The New York Yankees are still weak at several positions offensively, one of them being on the hot corner where veteran Josh Donaldson currently resides. Donaldson is coming off arguably his worst season as a professional at 36 years old, hitting .222 with a .308 OBP, 15 homers, and 62 RBIs across 132 games and 546 plate appearances. Ultimately, the regression he experienced from 2021 to last year was significant.
Manager Aaron Boone stated his confidence in Donaldson, suggesting that he is a prime bounce-back candidate. His Steamer projections have him hitting .225 with a .316 OBP, still poor numbers that even closely compare to his prime numbers. It is becoming obvious that Donaldson is well beyond his best and trying to extract any last value from his youth.
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The Yankees haven’t seen any signs of life from Josh Donaldson:
To open his account this year, Donaldson is hitting just .133 with a .188 OBP, one homer, and one RBI across 16 plate appearances. The sample size is tiny, and those numbers will elevate, but his slow start certainly isn’t what the Yankees wanted to see — notably his 37.5% strikeout rate. Defensively, he’s been fine, which was expected after a borderline Gold Glove 2022 season.
However, with a $25 million luxury tax salary hit, Donaldson is not carrying his weight, and the Yankees may have a better infield strategy they can implement. Getting DJ LeMahieu in the lineup is essential, but he’s been utilized as a utility piece to start the year, moving around to help mitigate fatigue.
At some point, there could be an argument that Cabrera should fill that role, and DJ can shift over to the hot corner permanently, where they can exercise his offensive qualities instead of praying Donaldson offers something at 37 years old with a skyrocketing chase rate.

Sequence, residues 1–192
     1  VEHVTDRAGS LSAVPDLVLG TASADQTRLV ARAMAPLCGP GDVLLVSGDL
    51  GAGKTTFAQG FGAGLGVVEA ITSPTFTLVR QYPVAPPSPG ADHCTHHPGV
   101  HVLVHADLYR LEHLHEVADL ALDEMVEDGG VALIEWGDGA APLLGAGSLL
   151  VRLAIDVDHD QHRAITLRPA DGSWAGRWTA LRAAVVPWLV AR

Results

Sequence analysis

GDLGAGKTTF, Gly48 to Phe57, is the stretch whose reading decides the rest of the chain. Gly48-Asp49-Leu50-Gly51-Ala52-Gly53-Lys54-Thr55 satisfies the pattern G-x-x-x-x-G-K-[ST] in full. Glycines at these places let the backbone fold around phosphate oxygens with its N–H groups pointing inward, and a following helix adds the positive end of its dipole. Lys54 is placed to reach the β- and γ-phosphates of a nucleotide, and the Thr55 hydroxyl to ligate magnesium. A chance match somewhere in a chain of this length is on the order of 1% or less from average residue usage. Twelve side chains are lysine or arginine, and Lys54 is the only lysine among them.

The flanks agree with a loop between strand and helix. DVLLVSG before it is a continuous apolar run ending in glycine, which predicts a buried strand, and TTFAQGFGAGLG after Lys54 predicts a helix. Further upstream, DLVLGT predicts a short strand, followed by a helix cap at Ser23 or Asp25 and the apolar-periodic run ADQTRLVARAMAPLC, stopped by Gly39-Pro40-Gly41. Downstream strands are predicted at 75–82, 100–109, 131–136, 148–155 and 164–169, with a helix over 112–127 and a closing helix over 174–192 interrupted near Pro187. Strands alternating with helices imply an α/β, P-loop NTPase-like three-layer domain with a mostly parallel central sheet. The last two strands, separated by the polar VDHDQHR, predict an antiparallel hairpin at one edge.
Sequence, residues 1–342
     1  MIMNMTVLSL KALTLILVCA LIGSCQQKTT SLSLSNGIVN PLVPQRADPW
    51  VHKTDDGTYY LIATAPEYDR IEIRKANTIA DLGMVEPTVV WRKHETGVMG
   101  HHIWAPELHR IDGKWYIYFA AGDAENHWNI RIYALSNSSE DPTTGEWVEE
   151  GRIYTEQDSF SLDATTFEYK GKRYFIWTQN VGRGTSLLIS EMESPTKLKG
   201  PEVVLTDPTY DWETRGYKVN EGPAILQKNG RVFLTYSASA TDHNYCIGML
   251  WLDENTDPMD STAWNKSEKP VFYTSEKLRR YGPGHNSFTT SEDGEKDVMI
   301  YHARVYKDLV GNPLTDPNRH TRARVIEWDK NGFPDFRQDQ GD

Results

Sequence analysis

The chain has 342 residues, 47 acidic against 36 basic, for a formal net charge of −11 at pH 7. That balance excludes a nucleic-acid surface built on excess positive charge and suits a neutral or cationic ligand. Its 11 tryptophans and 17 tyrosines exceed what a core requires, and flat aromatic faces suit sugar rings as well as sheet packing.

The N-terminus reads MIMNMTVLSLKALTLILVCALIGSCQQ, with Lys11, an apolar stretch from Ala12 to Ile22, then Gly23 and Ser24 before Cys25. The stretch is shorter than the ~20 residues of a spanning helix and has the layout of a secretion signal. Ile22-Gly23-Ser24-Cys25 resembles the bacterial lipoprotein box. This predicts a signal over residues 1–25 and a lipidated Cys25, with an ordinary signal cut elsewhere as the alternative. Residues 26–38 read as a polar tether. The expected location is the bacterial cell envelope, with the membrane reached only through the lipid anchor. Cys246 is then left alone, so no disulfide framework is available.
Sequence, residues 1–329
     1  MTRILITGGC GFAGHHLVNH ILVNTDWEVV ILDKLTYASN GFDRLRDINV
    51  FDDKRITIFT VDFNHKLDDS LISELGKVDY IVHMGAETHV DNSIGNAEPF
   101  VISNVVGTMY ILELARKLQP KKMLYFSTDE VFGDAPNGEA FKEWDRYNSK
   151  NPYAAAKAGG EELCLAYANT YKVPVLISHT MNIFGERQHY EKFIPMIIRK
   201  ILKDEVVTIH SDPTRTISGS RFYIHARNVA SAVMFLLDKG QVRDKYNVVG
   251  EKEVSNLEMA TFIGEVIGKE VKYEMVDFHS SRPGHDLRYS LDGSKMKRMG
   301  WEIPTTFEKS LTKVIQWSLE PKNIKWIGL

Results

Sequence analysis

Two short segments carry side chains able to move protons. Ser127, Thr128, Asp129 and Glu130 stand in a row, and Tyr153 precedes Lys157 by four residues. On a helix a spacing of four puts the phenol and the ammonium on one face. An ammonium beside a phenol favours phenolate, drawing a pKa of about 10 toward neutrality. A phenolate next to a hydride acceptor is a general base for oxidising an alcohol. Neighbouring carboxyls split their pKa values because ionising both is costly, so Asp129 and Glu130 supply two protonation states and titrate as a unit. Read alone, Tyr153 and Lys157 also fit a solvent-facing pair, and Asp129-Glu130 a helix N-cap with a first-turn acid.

LeMahieu has historically been a solid third baseman, enjoying 385.2 innings at the position last year, hosting a .992 fielding percentage with just one error. He posted seven defensive runs saved above average and four outs above average, suggesting that he can take over the job at any point if the Yankees feel as though Donaldson is more of a liability than a solution.
One way or another, the team needs a long-term option there after Donaldson’s contract inevitably expires.
Most would agree that LeMahieu has had a relatively slow start offensively this year, but he is still hitting .294 with a .333 OBP, including a homer on Tuesday against the Philadelphia Phillies. His 33.3% strikeout rate is not an indication of his quality, and we should expect the number to continue dropping significantly over the next few weeks.
I wouldn’t expect manager Aaron Boone to make any big changes soon, but Donaldson’s poor start is just a continuation of his tough 2022 numbers. Unless he can turn things around, at some point the Yankees may have to shift their strategy, if not target a potential trade acquisition to help them the rest of the way, but we are still a few months away from that conversation.